Costa Rica Population 2017
Costa Rica is a Spanish word that means 'the rich coast.' It is officially known as the Republic of Costa Rica, and this Central American country borders the Pacific Ocean to the west, the Caribbean Sea to the east, Panama to the southeast and Nicaragua to the north. In 2017, Costa Rica has an estimated population of 4.91 million.
The current population of Costa Rica is approximately 4.91 million, up from the 4.58 million at the 2011 census. This makes Costa Rica the 120th most populous country in the world. Of course, this number does not factor in the nearly 2.2 million visitors that Costa Rica receives per year!
Costa Rica has a population density of 84 people per square kilometer (220/square mile), which ranks 107th in the world. The capital and largest city is San Jose, which has a population of 288,000 and a high population density of 6,455 people per square kilometer (16,720/square mile). The greater metropolitan area has 2.15 million residents, or a third of the country's entire population. San Jose is one of the safest cities in all of Latin America.
In 1949, Costa Rica eliminated its army once and for all. Costa Rica is the only democratic Latin American country since 1950, and is one of the few countries that have a commendable human development pace. Also in 2011, the UNDP declared that Costa Rica has played a good role in sustaining the environment.
Costa Rica Demographics
According to the 2011 census, the ethnic composition of Costa Rica was 66% White/Castizo, 14% Mestizo, 9% immigrants, 7% Mulatto, 2.5% Amerindian, 1% Black, 0.2% Asian and 0.9% other. According to a genome project, the average Costa Rican in the Central Valley is 68% European, 29% Amerindian and 3% African.
Costa Rica is home to about 104,000 indigenous or Native American people, most of whom live in reservations. There are eight indigenous ethnic groups: the Quitirrisi, Matambu, Maleku, Bribri, Cabecar, Guaymi, Boruca, and Terraba.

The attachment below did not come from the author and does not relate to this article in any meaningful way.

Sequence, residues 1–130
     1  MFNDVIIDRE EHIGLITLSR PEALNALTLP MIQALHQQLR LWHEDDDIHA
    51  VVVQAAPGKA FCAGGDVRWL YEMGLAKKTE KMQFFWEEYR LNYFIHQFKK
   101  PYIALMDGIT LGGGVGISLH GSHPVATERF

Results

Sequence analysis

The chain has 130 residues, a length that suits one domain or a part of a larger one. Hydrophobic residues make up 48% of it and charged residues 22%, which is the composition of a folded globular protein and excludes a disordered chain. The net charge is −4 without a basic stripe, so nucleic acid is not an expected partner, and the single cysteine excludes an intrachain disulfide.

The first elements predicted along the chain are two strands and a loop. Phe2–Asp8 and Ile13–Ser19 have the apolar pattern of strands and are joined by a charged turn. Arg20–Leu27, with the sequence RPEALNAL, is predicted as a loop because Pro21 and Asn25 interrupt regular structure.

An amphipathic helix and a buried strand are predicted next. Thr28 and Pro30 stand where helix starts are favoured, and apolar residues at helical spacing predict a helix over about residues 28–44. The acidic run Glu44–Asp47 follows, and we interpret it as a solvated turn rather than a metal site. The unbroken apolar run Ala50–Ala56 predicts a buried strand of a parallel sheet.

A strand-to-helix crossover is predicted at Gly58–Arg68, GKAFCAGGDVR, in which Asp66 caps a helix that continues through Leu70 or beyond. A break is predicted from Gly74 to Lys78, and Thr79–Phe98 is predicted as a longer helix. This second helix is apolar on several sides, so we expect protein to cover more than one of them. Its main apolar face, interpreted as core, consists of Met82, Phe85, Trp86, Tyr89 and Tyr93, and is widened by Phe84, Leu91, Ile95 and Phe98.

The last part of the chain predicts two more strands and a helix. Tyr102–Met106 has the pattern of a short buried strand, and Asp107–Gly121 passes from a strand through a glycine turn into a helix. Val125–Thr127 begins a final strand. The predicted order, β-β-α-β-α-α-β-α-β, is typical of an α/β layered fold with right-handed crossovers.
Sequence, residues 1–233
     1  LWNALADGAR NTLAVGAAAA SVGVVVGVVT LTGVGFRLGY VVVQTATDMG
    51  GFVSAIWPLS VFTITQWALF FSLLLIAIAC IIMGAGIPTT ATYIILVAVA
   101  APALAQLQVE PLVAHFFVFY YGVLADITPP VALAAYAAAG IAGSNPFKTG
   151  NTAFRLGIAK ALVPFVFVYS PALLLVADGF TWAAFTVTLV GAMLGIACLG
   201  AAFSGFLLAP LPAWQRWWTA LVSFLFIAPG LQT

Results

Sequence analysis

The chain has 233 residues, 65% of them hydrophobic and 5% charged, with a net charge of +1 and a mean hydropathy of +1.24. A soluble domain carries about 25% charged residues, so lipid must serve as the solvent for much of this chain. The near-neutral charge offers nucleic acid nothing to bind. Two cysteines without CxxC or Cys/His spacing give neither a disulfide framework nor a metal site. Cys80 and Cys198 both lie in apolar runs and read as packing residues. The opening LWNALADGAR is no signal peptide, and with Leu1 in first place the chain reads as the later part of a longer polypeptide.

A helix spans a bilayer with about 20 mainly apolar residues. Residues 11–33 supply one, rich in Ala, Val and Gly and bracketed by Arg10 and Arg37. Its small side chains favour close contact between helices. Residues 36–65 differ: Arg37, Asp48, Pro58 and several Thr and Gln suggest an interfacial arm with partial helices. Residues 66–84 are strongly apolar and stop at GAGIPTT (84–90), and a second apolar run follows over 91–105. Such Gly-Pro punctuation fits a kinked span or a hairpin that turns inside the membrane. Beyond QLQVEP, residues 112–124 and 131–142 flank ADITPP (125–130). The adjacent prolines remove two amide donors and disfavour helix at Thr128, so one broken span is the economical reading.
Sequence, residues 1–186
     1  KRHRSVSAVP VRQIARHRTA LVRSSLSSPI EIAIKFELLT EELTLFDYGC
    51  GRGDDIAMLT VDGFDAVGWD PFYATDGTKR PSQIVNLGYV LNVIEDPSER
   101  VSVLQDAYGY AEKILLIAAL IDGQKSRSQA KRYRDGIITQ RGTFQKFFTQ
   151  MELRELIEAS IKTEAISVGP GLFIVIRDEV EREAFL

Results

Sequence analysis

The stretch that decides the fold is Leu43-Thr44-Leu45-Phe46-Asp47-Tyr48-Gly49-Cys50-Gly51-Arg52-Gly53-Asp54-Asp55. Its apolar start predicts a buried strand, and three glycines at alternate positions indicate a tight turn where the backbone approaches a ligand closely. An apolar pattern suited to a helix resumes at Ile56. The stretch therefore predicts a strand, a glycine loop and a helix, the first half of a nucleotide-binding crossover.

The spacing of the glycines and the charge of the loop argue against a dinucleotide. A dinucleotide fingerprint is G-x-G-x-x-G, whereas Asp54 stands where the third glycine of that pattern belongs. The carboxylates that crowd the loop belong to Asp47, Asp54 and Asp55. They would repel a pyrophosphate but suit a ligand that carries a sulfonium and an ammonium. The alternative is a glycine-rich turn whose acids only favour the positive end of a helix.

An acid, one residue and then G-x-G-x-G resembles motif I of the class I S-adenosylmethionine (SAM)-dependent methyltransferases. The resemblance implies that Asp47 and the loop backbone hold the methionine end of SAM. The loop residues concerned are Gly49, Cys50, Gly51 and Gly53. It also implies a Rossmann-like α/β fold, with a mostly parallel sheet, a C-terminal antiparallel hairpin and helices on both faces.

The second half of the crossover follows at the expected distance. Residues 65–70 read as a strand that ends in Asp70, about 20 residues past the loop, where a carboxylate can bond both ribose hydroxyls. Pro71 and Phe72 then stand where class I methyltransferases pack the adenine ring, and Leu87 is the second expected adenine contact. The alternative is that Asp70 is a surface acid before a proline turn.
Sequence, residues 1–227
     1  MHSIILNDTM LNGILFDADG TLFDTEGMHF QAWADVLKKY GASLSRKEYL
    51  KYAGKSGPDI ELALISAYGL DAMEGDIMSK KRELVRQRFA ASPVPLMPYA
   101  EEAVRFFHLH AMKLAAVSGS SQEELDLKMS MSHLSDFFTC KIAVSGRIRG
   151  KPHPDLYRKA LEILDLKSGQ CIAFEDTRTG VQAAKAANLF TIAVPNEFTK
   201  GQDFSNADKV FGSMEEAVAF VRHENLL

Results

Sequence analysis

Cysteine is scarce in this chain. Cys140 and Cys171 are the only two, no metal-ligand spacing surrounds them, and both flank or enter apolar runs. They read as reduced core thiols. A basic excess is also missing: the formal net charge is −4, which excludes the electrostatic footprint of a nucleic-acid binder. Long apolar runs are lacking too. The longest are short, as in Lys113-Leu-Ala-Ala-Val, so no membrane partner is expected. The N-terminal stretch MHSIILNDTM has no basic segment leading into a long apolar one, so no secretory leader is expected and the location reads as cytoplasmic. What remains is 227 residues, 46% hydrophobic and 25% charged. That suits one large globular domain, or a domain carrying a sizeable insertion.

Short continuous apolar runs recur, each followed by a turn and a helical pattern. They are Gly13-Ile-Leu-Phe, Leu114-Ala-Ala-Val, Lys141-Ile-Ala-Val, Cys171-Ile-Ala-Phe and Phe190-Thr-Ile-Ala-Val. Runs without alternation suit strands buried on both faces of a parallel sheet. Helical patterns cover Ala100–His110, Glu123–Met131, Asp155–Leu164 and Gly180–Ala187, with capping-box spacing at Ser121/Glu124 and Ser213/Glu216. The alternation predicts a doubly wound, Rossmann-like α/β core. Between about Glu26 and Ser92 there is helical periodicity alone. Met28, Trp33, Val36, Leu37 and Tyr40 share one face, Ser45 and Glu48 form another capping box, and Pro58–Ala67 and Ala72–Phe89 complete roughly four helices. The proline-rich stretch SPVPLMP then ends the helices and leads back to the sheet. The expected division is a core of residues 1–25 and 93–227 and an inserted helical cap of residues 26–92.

The most common European ancestry is Spanish, although there are many with Italian, German, English, Dutch, Portuguese, Polish and Irish ancestry. The country also has a large Jewish community. Most Afro-Costa Ricans in the country speak Creole English and descend from 19th century black Jamaican immigrants.
Costa Rica has many refugees and illegal immigrants, most of whom are from Nicaragua and Colombia. It's believed that up to 15% of the country's population, or 600,000 people, are Nicaraguans, some of whom migrate to the country for seasonal work. As the only democratic country in the region, Costa Rica has many refugees who fled dictatorships and wars in nearby Latin American countries over the last four decades.
Costa Rica Tourism and Biodiversity
A wide and diverse range of plants and animals are found in the country. While owning only around 0.25% of the world's land, it comprises 5% of the biodiversity of the world. Out of the total land area of Costa Rica, a huge portion is concealed and protected as National Parks. Around 25% of the country's land area is in protected National Parks and other protected areas, which is a large percentage compared to all the other countries.
Costa Rica attracts a huge number of tourists from all over the world every year. In the region of Central America, the largest number of tourists visit Costa Rica. The number of visitors in 2011 was as large as 2.2 million visitors. In 2012, the international tourist revenue increased to 2.4 billion US dollars. Tourism contributed a percentage of 8.1% to the total GNP of the country, while 13.3% of the employment was a result of tourism. Bananas, along with coffee, earn less than the revenue that comes from tourism in the country.
Costa Rica Population Growth
Costa Rica is currently growing at a very steady 1% per year, in line with many neighboring countries. The most recent census in 2011, the first in eleven years, found the population of the country was smaller than expected, in part because Costa Ricans are having fewer children. The average household plummeted from 5.6 in 1973 to 3.5 in 2011. It's also believed that economic troubles play a role, which means that Costa Rica may one day soon begin to see negative growth.